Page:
Individual SKUs are further categorized by color and storage size -- Red iPod nano 8GB, white iPod touch 64GB,
Apple could do something similar with the iPad -- iPad and iPad mini.
Individual SKUs could be further categorized by color, storage size, and Wi-Fi vs. Wi-Fi + 4G.
This branding is simple, clean, and fits with Apple's past (iPod mini) and current (Mac mini) brands.
(It's also what Palm used for the TouchPad Go, to differentiate the 7-inch webOS tablet from the 9.7 inch model, though arguably "Go" is a step more obscure than "mini" since portability is function of size.)
MacBook Air-style branding
When Apple introduced the third generation, redesigned MacBook Air, they added a smaller model to the product family. What they didn't do was add another new brand, or sub-brand. There was no MacBook mini or MacBook Air nano.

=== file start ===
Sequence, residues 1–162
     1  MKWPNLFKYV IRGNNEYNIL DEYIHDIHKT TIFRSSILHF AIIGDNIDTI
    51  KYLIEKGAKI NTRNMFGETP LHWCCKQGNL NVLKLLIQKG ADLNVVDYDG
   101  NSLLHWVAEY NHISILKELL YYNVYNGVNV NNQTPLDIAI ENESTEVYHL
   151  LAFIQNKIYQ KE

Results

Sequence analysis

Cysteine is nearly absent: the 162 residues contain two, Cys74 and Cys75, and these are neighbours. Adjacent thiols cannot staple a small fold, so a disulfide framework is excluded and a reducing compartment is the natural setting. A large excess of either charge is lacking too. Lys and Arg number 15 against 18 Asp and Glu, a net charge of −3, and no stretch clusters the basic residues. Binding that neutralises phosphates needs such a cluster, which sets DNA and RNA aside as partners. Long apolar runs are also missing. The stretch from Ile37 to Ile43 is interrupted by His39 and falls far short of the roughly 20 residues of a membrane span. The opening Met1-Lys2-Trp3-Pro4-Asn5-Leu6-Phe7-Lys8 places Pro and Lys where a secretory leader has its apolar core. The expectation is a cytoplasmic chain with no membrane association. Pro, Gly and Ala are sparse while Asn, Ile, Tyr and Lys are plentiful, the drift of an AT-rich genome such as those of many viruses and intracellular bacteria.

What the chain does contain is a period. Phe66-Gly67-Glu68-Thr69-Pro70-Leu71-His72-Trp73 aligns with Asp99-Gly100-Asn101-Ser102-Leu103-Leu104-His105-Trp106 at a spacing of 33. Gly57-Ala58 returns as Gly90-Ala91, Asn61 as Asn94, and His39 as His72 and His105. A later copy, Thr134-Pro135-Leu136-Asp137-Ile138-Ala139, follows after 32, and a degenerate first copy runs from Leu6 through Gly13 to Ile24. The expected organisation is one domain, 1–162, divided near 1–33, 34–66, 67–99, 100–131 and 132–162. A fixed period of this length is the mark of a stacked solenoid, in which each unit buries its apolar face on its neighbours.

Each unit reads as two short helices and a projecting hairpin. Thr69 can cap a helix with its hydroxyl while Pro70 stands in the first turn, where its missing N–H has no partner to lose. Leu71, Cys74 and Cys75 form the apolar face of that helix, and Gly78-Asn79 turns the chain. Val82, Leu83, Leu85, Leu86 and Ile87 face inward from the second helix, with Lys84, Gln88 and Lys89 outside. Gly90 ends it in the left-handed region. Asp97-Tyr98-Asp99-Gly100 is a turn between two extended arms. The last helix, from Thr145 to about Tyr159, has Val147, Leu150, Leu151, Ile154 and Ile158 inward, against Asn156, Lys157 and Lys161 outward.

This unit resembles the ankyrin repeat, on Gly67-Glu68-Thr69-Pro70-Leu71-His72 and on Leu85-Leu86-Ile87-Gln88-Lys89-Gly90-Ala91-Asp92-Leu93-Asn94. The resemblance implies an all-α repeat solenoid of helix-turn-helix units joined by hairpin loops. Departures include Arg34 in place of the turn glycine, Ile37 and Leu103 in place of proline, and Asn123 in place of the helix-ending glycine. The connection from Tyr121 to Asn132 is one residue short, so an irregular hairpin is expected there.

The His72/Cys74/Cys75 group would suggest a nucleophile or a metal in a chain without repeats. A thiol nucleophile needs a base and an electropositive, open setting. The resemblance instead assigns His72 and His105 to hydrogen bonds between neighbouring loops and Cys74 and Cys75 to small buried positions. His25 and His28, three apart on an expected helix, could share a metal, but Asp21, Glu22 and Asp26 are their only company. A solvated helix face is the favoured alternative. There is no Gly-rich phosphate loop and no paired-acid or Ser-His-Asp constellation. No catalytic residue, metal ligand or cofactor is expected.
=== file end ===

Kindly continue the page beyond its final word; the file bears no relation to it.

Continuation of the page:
If and when size is an issue -- when shopping, comparing, looking for support, etc., they're simply referred to as 11-inch MacBook Air and 13-inch MacBook Air. (Not MacBook Air 11 or MacBook Air 13.)
Like iPods, individual SKUs are further categorized by storage size -- 64GB and 128GB for the 11-inch and 128GB and 256GB for the 13-inch. Other MacBook's are classified by processor quantity or speed, etc. (I'm ignoring build-to-order options since those don't yet apply to iOS devices.)
Apple could do something similar with the iPad -- 7.85-inch iPad and 9.7-inch iPad.
Individual SKUs would still be further categorized by color, storage size, and Wi-Fi vs. Wi-Fi + 4G.
This is superficially simpler, as there remains only one iPad brand, but not as obvious, as inch-measures require more thought than abstractions like "mini" and "not" mini.